It’s this, I believe, and not just a political movement of anti-intellectualism or conservative religious thought, that has created the recent pushback against science. The problem is exacerbated in an educational system that has slowly distanced itself from critical thinking, and emphasized testing and memorization. Once teaching is an authoritative act, a forceful transfer of knowledge and value robs the student of the ability to trust or mistrust, and then verify. Skepticism is replaced by cynicism. It results in a loss of ownership, a perceived disenfranchisement over what is considered “truth,” that leads people to believe in flat earths and vaccination-autism links. Such beliefs, as ridiculous as they are from a scientific standpoint, are at least in formulation a creative act.
Batting average is not an intuitive stat. Neither is earned run average. Both of these statistics are considered meaningful because baseball has grown to love them over the course of a century and a half. BP’s own True Average is what it is because people know what a “good” or a “bad” batting average looks like. The internalization has come slowly, and if baseball were to start over there’s no way we arrive at the same numbers; they were forged through arguments and power shifts. But they’re what we have, what our grandparents gave us.
(Fig. 3: some data)
One of the points of contention in the sabermetric era was the inclusion of advanced statistics in popular baseball culture: getting broadcasters and talking heads to employ, or even correctly describe when debunking, “complicated” stats like OPS and WPA. It seems (and seemed) like a rather silly political battle, but it was political. Often the argument was that the statistics hadn’t been internalized, that explaining these new-fangled numbers would alienate viewers, disrupt the flow of the game. The vicious circle: the stats required explanation because the average fan didn’t know them; they didn’t know them because they never got taught.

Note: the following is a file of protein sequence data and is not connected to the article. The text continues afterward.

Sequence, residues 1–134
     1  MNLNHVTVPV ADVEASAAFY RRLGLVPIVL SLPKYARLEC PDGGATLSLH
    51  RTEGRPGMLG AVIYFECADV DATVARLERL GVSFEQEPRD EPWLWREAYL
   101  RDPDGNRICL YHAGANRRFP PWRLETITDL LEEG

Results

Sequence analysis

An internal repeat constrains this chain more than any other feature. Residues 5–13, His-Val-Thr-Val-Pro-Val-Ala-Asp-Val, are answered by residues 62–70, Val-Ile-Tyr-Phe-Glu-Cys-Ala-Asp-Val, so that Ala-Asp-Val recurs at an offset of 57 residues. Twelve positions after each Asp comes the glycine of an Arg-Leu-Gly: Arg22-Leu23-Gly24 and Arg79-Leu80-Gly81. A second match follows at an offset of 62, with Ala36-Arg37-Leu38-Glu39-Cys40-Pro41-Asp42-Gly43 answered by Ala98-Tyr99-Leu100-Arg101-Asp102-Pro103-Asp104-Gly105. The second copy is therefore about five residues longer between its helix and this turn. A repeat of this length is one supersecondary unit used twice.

A decade later, pockets of resistance still hold their ground, but the landscape has mostly transformed. Statcast’s in-house sponsorship will allow it to avoid that awkward phase and beam straight into homes at full power. The tools now available to describe and analyze are almost unfathomably expansive and specific. But they also arrive at a time when caution is equally necessary.
It won’t be an easy task, and it’s not necessarily a problem of Statcast’s making. As with the advancement of science, current baseball knowledge has reached a level of granularity that goes beyond our level of intuition. It’s a tricky balance: we do want information that challenges preconceived notions, that pushes the audience closer to a concept of truth. As Sam Miller noted recently, a game without statistics, one in which intuition is given free reign, is an uncomfortable place. Both halves of the game feed off of each other.
So much of modern analytics dwells in the realm of probability, a concept that can come off as unintuitive to the point of meaningless at best, and insulting at worst. The value of probability study is to provide context on exactly what isn’t intuitive, that the reality we experience isn’t predestined, but one possible result. In a society that values results, has bronzed its own national bootstraps and glamorized the concept of glamour, it’s a difficult sell. It’s also a vital one. Probability gives us an opportunity to move past the golden-era flawless hero to an imperfect, fortunate, and human one. It gives us an opportunity to find nobility and honor not just in triumph, but also in failure.
Unlike the Project Scoresheet and PITCHf/x revolutions of the past, which began as underground movements, Statcast is a top-down enterprise; while they’re to be commended for how much data they’ve freely provided, its authority puts it at an immediate disadvantage. The advantage of not having to fight for its place is actually a disadvantage, because denying that conversation and debate is also denying a learning curve. It’s not enough to just give the people statistics, quote barrels and launch angles without context and without meaning. It’s not even enough to try to give them the context.
The masses will have to build that value themselves, take apart the pieces and look at them and argue about them and slowly understand them. It’ll be messy, and it may not be a pleasure to watch in real time on Twitter. The turmoil over the usefulness of WAR, and its less creditable components, is a fine example. But it’s vital if these numbers are to become more than incidental fun facts, or arbitrary judgments. The average fan will need to be able to see those statistics and not just know them but feel them, take them in as just as much of the game as the hue of the grass and the sound of the crowd and the arc of the left-hander’s swing. Otherwise, baseball runs the risk of watching its fans reject them entirely, and go back to what they’ve always done: make up their own stories.